Skip to main content

Blobs and Zits

ยท 3 min read

Blobs or Zitsโ€‹

What Is It?โ€‹

Blobs or Zits are the tiny dots on your print's surface and directly affect its overall quality and appearance. These are often the result of incorrect retraction settings or high printing temperature and negatively affect the surface finish of your 3D printed part.

Sometimes, you can easily remove them with sanding, but big blobs can be challenging to remove and may leave an impression on your parts. For this reason, it's best to tune your printer to not create them in the first place rather than try to remove them through post-processing.

What to Check?โ€‹

  • Printing Temperature
  • Retraction settings
  • Z-Seam settings

How to Fix It?โ€‹

Printing at high temperatures will cause your filament to melt more than necessary and slightly increase its viscosity. Due to this, the filament material can ooze out of the nozzle during travel moves. A high printing temperature might cause more filament to be extruded from the nozzle at the start of a printing point, leading to blobs on the print's surface.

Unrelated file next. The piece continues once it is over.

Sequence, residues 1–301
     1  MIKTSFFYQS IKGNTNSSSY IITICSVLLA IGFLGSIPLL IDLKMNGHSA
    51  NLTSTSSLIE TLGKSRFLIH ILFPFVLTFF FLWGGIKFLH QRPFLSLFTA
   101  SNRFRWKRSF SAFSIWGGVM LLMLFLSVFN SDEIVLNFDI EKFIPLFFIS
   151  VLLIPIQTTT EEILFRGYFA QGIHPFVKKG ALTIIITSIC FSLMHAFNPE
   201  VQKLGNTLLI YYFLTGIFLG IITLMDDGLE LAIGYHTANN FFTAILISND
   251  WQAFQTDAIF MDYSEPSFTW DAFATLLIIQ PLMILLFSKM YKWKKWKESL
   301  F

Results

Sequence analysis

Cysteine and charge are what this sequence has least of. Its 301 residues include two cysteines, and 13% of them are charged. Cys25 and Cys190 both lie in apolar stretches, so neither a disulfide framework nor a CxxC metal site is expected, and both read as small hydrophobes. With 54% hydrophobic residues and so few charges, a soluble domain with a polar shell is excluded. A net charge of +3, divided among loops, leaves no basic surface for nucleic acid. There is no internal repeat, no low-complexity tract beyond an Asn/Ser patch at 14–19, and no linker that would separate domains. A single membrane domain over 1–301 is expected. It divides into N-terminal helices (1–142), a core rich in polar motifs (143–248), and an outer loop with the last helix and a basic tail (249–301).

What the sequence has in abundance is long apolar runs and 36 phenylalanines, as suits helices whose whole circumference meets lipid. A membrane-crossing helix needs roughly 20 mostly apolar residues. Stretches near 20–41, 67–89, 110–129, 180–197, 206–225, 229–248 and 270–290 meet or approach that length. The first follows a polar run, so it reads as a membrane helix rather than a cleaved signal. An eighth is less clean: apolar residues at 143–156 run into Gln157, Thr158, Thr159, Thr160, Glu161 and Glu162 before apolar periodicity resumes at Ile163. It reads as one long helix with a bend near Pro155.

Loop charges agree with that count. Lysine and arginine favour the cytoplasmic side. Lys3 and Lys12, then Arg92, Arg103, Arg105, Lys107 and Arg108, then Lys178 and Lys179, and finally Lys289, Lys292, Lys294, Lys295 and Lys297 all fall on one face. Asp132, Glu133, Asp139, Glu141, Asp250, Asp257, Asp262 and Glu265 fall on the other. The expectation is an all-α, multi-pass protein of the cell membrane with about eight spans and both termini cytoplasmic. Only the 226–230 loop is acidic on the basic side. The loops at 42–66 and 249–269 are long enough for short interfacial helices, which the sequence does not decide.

If your extrusion settings are neatly calibrated, you can try a lower printing temperature to reduce the chances of blobs occurring on your 3D prints. You can try reducing it in 5 ยฐC intervals till there are no blobs on your parts.

Calibrate Retraction Settingsโ€‹

Incorrect retraction settings can lead to stringing and oozing filament from the nozzle. These settings are one of the significant reasons behind blobs on your print's surface. You can refer to our section on the Stringing issues to understand it in detail and fix your printer's calibration settings.

Z-Seam settingsโ€‹

Blobs often occur at the start and the end point of layers. You can quickly identify these as z-seam blobs that will likely be in a straight line or have a pattern. You can quickly adjust your layer's start and end point using your slicer settings and effectively eliminate the blobs on your print's surface.

In Cura, you can specify the z-seam settings to inform the hot end regarding the print's start points. You can either align the z-seam with the sharpest corner or randomly distribute the starting points evenly to distribute the layer starting points. Both these values can visibly reduce the blobs on your print's surface and improve your print quality.

Calibrate Linear Advance (Experimental)โ€‹

Linear advance or Pressure advance is similar to the coasting setting applied within your slicer. But, it's slightly more elaborate and is directly adjusted in your printer's firmware for more accurate and predictable results.

It's an easy but involving calibration process, and it's better to refer to Marlin and Klipper's guides on linear advance calibration. Once you set it up alright, you can expect a significant improvement in your print quality and a reduction in the bulging edges or corners in your 3D prints.